Trouble with lichen, p.18
Trouble With Lichen, p.18John Wyndham
‘Well, Miss Brackley, your announcement last week certainly seems to have created something of a stir.’
‘One rather expected it would, Mr Pigeon.’
‘Just in case some of our viewers happen to have missed seeing the papers lately, do you think you could give us, quite simply, the essence of your announcement?’
‘It is quite simple. It is that if people wish to live longer lives, the means to do so is now available.’
‘I see. That’s certainly forthright. And you claim that you have developed a form of treatment which will ensure this?’
‘I don’t think we need loaded questions, Mr Pigeon.’
‘I beg your pardon?’
‘Do you claim to have had breakfast this morning, or did you have breakfast this morning, Mr Pigeon?’
‘Well, I –’
‘Exactly, Mr Pigeon. Tendentious, is it not?’
‘Er – your announcement clai— I mean, you announced that a number of people have already had treatment from you which will have this effect.’
‘How many people, roughly?’
‘Several hundred people.’
‘Yes, but that is an effect of circumstances. It is equally effective with men.’
‘And how long are these people going to live?’
‘I couldn’t possibly tell you, Mr Pigeon. How long are you going to live?’
‘But I understood that you claimed – I mean, said –’
‘What I said was that their average expectation of life had been increased, and that if the treatment were continued they could expect to double the normal expectation, or to treble it, according to the quality of the treatment given. That is quite different from saying how long anyone is going to live. For one thing, when you double the expectation of life, you also double the chances of a fatal accident, and it appears likely that you more than double susceptibility to illness.’
‘Then someone whose expectation has been trebled doesn’t stand as good a chance of realizing it as she would of realizing her normally expected age?’
‘But, barring accidents and serious illness, she could live to see her two hundredth birthday?’
‘Well now, Miss Brackley, it has been stated by more than one newspaper that none of these people you have been treating with your Antigerone – is that right?’
‘That none of them was aware that she was having this treatment until you made your announcement a few days ago?’
‘I think one or two may have guessed.’
‘You mean you don’t deny it?’
‘Why should I want to deny it?’
‘Well, I should have thought it was a rather grave charge to make. Here are all these people coming along and putting themselves in your hands in good faith, and there are you treating them with this Antigerone which is going to make them live two hundred years, without even telling them about it. It seems to me that it could be a pretty serious matter.’
‘It is. If one is facing the prospect of two hundred years of –’
‘I was referring to the – well, the element of deception that is implied in the statements.’
‘Deception? What do you mean? There was no deception – in fact the very opposite.’
‘I’m afraid I don’t quite –’
‘It’s quite simple, Mr Pigeon. I run a business that we are not allowed to name over the air. These ladies came to me as clients and said, in effect, that they wanted their youth and beauty preserved. Well, that’s jargon of course; no one can preserve it. But I said I could prolong it for them. They said that was what they meant, really; so that’s what I’ve done. Where is the deception?’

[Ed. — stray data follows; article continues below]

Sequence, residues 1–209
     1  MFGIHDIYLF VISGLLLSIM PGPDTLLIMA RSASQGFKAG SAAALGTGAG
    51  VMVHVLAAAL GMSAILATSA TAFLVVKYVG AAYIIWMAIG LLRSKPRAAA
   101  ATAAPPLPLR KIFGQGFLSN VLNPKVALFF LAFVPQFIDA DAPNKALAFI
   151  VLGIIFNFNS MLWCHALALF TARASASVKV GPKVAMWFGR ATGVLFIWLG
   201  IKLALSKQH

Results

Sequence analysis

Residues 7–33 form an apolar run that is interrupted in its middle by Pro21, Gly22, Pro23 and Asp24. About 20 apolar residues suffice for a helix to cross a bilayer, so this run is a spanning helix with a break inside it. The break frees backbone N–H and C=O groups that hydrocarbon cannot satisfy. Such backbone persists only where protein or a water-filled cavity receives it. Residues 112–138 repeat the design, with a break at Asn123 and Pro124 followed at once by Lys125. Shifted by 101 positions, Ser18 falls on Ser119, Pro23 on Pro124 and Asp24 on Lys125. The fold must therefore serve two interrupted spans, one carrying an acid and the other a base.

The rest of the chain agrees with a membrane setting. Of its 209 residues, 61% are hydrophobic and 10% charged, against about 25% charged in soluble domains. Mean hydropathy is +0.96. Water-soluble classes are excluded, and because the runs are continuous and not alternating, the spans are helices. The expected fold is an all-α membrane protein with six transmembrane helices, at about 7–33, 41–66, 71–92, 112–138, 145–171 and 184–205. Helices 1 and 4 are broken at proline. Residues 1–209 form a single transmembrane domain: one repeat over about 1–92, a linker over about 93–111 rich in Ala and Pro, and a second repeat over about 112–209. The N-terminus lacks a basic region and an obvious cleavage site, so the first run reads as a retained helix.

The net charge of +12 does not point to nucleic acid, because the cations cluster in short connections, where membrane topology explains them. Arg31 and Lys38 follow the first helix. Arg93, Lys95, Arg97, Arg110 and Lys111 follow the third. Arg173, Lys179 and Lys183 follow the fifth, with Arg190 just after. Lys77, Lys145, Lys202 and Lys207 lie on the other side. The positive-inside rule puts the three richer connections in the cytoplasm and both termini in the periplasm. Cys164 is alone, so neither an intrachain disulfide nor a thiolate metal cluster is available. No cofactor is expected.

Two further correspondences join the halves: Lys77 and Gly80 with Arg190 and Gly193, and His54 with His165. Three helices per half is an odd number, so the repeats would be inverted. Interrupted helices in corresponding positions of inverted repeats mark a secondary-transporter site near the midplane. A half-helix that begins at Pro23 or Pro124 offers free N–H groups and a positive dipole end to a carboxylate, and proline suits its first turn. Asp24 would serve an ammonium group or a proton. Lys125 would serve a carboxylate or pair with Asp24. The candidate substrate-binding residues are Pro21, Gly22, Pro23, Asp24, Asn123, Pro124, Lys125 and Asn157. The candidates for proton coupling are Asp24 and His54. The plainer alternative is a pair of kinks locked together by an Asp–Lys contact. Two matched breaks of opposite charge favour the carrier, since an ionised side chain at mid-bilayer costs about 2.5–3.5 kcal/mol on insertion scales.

‘Well, it is hardly what they must have expected, Miss Brackley.’
‘You’re implying that they expected to be deceived, and that I am guilty of deceiving them by giving them what they asked for instead of the deception they expected. Is that it, Mr Pigeon? I really can’t think you’re on very firm ground there. The whole of my trade professes to prolong youth and beauty. I am the one member of it who does what she is asked – who delivers the goods – and you talk about a “grave charge”. I just don’t understand you, Mr Pigeon.’
‘You clai— I mean, your treatment with the Antigerone is always one hundred per cent successful and safe?’
‘Out of my several hundred clients there has been only one failure. A lady who suffered from a rare, unsuspected allergic condition.’
‘So you would not say it is infallible?’
‘Certainly not. Only that it is well over ninety-nine per cent successful.’
‘Miss Brackley. It has been suggested that if the Antigerone were to be widely used – indeed, if it is used at all – it will have far-reaching effects upon our social system. Would you agree with that?’
‘What sort of effects do you envisage?’
‘Can you think of anything that would not be affected if we were all to have the opportunity of living two hundred years?’
‘I believe that, as yet, Miss Brackley, there has not been any scientific investigation into your clai— er, into the Antigerone?’
‘That is a mistake, Mr Pigeon. I have, as a biochemist, investigated it very thoroughly.’
‘I – er – well, shall we say independent investigation?’
‘Would you welcome such an investigation?’
‘Why should I welcome it? I’m perfectly satisfied with the efficacy of the Antigerone.’
‘Let us say, then, would you object to it?’
‘Again, why should I? Frankly, Mr Pigeon, I don’t give a damn. The one thing to be said in favour of an investigation is that it might perhaps lead on to the discovery of other, perhaps preferable, types of Antigerone.’
‘Miss Brackley. One thing that has been causing a lot of speculation is the nature of the Antigerone.’
‘It is a chemical substance, possibly one of a class of such substances produced by micro-organisms, that has the property of retarding certain of the metabolic processes, and bears a distant chemical relationship to the antibiotics.’